The idea seemed snarkily brilliant: Colorado Republicans would host their victory party at Mile High stadium, ending Barack Obama's presidency in the very location where it was launched four years ago.
But the expected cheers turned to shock. With only a few exceptions, Colorado Democrats rolled over Republicans, from the presidential race to state legislative candidates.
"There was devastation at Mile High for a party that has seen more than its fair share of difficult losses over the last decade," said former state Sen. Josh Penry. And this was the worst, he said, because there was so much agreement among Republicans and independent voters about Obama's failures as a president.
As dazed Republicans surveyed the Colorado landscape Wednesday, the most obvious question was "What next?"
That's a conversation Republicans in the Centennial State have been having ever since Democrats caught them off guard in 2004, winning control of the legislature, and a U.S. Senate and U.S. House seat that had been held by the GOP.
Republicans thought this time they had it right, with a more sophisticated get-out-the vote program and legislative candidates that could appeal to unaffiliated voters in the suburbs.
"They ran some very nice, likable people, but the reality is when you're running for public office, you're running on your party's agenda," said Matt Inzeo, spokeswoman of the Colorado Democratic Party. "That is a particularly difficult brand right now."
The soul-searching among Colorado Republicans on Wednesday was deep and painful.
Some Republicans believe that Obama's much-vaunted voter-ID and tracking program was even better than it has been billed. It began in Iowa in 2006, was tested nationwide in 2008 and improved on in Colorado in the 2010 U.S. Senate race between Democrat Michael Bennet and Republican Ken Buck.
"When they write the book in this race, it will read like a science experiment," said Democratic political consultant Steve Welchert.
He said the Obama operation was so sophisticated that it could let down-ticket campaigns know how ballots from unaffiliated voters were likely to fall. In addition, Obama workers would text from the field that a voter had concerns about some issue and to call the person at this number.
Not all Republicans agree that the get-out-the-vote effort is the problem.
"We can improve our microtargeting more easily than improving our branding with huge demographics that don't particularly care for us," Penry said.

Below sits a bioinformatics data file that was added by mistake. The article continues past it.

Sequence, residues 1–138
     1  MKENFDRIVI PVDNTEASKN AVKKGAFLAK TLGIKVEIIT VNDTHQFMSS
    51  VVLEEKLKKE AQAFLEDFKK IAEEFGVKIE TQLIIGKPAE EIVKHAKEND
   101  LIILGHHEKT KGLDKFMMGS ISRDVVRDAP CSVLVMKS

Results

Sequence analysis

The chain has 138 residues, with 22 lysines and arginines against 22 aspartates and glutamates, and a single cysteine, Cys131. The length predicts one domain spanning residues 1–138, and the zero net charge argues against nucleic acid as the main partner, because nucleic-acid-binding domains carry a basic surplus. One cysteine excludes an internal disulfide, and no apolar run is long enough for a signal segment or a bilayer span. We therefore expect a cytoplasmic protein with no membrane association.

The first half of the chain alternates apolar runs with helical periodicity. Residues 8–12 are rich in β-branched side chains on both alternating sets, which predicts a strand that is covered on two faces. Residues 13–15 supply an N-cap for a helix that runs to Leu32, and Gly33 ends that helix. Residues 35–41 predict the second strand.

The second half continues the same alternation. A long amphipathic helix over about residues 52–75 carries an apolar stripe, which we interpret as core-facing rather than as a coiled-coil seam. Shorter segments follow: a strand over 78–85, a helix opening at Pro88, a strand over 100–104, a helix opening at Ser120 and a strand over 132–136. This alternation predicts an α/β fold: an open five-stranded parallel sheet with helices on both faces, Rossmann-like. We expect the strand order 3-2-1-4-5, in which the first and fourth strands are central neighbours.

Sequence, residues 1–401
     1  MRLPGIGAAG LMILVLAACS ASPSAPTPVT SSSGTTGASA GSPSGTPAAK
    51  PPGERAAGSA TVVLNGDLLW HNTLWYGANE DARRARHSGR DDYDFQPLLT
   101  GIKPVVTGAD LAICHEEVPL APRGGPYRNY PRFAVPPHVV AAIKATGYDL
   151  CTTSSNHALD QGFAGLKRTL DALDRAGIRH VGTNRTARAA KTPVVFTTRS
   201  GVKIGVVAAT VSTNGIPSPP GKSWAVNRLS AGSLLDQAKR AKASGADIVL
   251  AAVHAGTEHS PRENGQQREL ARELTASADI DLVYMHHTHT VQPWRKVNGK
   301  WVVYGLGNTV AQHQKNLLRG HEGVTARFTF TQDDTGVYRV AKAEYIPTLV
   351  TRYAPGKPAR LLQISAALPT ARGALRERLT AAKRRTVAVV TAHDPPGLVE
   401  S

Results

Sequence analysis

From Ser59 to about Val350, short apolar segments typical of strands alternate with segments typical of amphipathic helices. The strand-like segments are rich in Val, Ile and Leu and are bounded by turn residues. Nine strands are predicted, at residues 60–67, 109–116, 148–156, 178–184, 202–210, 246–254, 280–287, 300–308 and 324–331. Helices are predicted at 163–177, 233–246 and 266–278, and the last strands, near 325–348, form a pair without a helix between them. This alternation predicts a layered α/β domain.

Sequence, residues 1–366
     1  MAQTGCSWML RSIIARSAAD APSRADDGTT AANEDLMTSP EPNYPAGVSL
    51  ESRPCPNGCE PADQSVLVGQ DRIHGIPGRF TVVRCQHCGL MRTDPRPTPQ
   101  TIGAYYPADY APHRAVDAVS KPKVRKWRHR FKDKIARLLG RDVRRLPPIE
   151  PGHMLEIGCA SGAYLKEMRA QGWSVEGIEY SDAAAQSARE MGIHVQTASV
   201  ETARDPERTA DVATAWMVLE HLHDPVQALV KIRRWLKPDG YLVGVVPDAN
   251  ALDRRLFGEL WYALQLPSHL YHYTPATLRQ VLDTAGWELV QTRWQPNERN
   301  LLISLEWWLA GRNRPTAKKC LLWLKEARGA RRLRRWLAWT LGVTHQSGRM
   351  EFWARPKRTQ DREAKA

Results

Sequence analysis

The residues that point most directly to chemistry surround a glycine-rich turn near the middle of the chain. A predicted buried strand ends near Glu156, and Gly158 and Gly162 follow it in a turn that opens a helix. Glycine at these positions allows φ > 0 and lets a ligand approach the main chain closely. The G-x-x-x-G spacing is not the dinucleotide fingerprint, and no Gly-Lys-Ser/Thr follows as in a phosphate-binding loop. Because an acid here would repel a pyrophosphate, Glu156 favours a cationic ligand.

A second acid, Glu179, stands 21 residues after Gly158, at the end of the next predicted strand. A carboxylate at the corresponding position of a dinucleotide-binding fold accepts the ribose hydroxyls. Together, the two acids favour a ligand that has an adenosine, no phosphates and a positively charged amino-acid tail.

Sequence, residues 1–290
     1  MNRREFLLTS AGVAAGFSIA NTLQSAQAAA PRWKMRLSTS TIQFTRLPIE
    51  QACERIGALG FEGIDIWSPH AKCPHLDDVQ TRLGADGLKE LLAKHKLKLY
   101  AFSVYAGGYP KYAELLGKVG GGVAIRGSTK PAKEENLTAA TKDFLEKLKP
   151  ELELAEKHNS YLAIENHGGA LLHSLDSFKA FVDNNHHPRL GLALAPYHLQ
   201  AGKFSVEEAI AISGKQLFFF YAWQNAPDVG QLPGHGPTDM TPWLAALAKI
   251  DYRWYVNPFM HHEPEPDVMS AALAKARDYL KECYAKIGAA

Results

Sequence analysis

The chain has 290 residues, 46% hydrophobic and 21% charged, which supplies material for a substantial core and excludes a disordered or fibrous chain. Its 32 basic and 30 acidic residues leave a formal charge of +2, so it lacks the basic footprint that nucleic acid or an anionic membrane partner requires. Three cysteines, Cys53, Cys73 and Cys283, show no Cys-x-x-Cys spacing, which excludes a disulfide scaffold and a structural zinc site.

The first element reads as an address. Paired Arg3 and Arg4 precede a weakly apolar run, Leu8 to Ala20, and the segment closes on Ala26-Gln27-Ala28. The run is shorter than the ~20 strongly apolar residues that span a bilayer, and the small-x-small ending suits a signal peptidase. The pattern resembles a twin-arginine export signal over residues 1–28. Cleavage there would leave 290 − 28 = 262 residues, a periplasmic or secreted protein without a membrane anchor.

That includes Latinos, women, gays, teachers, labor, environmentalists and others.
Dick Wadhams, former chairman of the Colorado Republican party, said the "harsh rhetoric" used by too many Republicans about immigration has been detrimental to the party.
Elliot Fladen, a Denver attorney whose wife is from Mexico, shares that sentiment. Fladen is a registered Libertarian but supported Mitt Romney for president and works closely with Republicans on a number of issues.
"If the GOP had the 1980 demographic, Romney would have won this election in a landslide," Fladen said. "We don't have that demographic.
"To stop alienating the new demographic, the GOP needs to not use the 'secure the border' mantra and 'amnesty' misdefinition as excuses to avoid serious discussions on immigration. And calling for 'self-deportation' as a 'permanent' immigration solution is not the needed serious discussion."
Republicans said Latinos were hurt when the Republican-controlled state House this year killed a bill that would have allowed certain illegal immigrants to pay a tuition rate that made college more affordable.
In addition, Republican Mario Nicolais of Lakewood said the GOP is on the wrong side of equality for gays. The spokesman for a pro civil-unions GOP group, Nicolais correctly predicted in May that the fallout over the death of a civil-unions bill in the House would make it harder for the GOP to maintain the majority. Democrats picked up at least five seats Tuesday night, knocking out four incumbent lawmakers.
"I know that there are a lot of Republicans who have said, 'Look, why do we even have to talk about this? Can't we just talk about jobs and the economy? That's the important part,' " Nicolais said.
"But when people don't trust you to be compassionate about the people they love and the people they want to spend their lives with, they're certainly not going to trust you to be compassionate about jobs and the economy."
Penry said much bigger than civil unions is the issue of appealing to women. He pointed to Republican U.S. Senate candidates Todd Akin of Missouri and Richard Mourdock of Indiana, whose comments about rape cost them elections they were expected to win.